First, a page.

Very little nanny-state regulation in EU, research suggests

Hungary topped this year’s index on food with a score of 28 out of 100, largely thanks to “the most extensive system of food and soft drink taxes in Europe." ©iStock

Hungary is the worst “nanny-state” in the EU when it comes to laws relating to food and drink, but new research suggests most countries have so far shunned regulation aimed at controlling consumption.

The Nanny State Index, published by the Institute of Economic Affairs (IEA) and the European Policy Information Centre, gives every EU country a score according to how it regulates private lifestyle choices – from relatively minor inconveniences to taxes and bans. The higher the score, the “less free” the country is.

In food and drink, five policies were assessed: taxation (up to 35 points), vending machines (10), energy drink regulations (5), advertising restrictions (25) and mandatory limits (25).

Hungary topped this year’s index on food with a score of 28 out of 100, largely thanks to “the most extensive system of food and soft drink taxes in Europe”. IEA highlighted the “legal limits on the amount of trans-fats that food can contain and limits on the amount of salt that can be put into bread”.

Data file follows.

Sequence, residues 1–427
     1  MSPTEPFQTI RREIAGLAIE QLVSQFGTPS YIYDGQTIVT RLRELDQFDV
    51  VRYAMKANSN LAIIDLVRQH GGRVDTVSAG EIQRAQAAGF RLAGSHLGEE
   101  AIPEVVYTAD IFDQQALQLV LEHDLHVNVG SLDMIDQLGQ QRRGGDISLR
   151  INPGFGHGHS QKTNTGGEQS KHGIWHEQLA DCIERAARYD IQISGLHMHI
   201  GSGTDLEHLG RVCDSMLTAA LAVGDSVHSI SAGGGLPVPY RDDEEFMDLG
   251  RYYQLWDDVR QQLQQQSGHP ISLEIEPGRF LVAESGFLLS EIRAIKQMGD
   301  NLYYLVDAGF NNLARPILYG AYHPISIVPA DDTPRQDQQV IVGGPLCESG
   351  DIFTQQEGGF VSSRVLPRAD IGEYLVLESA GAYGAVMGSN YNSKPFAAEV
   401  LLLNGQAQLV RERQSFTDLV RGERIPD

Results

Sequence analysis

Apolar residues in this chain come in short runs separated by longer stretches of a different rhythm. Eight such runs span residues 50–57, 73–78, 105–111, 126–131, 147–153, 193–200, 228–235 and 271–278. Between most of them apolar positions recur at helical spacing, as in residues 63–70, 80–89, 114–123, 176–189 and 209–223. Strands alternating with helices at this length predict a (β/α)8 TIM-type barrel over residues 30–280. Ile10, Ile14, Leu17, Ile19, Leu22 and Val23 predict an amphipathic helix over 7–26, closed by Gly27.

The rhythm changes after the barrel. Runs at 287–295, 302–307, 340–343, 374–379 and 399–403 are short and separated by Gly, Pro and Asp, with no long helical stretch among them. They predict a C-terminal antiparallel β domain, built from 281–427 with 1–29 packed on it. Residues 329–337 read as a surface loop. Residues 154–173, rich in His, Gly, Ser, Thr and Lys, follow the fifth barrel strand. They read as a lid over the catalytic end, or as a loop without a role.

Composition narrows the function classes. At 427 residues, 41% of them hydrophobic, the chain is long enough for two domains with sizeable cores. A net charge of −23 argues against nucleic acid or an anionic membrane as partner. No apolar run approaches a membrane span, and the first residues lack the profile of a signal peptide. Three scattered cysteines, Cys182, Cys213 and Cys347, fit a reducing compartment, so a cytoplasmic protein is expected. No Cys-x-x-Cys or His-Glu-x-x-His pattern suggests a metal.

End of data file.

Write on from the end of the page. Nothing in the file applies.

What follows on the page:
In addition, “sugary drinks and high fat meat are banned in public canteens and it is illegal to display salt and sugar shakers on tables in restaurants. There are also taxes on sugary drinks and energy drinks.”

France was second with 11 points, due to its tax on sweetened beverages and energy drinks. Free refills of soft drinks were also banned in January 2017, IEA noted.

However, no other country mustered more than 10 points out of 100. Indeed, 11 countries scored zero in the food category of this year’s index. This suggests member states are far from comfortable interfering with what people eat – or they’re not convinced that interference is an effective approach.

As obesity levels continue to rise, pressure has been growing on politicians to introduce tougher laws to reduce consumption of unhealthy food and drinks. Sugar taxes, restrictions on junk food advertising and mandatory reformulation targets have all been mooted – and in some countries implemented.

In a recent survey of FoodNavigator readers, 71% said they expect more European countries to consider taxing sugar-sweetened beverages. Several readers suggested that these would be used to generate tax revenues rather than improve public health.

Campaigners have long argued that these are bold, brave and necessary policies. Meanwhile, the food and drink industry has defended industry-led initiatives and claimed taxes will be ineffective and unfair.

The IEA predicted that more regulation is on the way. “Sin taxes” will fall most heavily on the poor and fuel the black market as prices rise, whilst advertising bans will “restrict competition and stifle innovation”, the organisation said.

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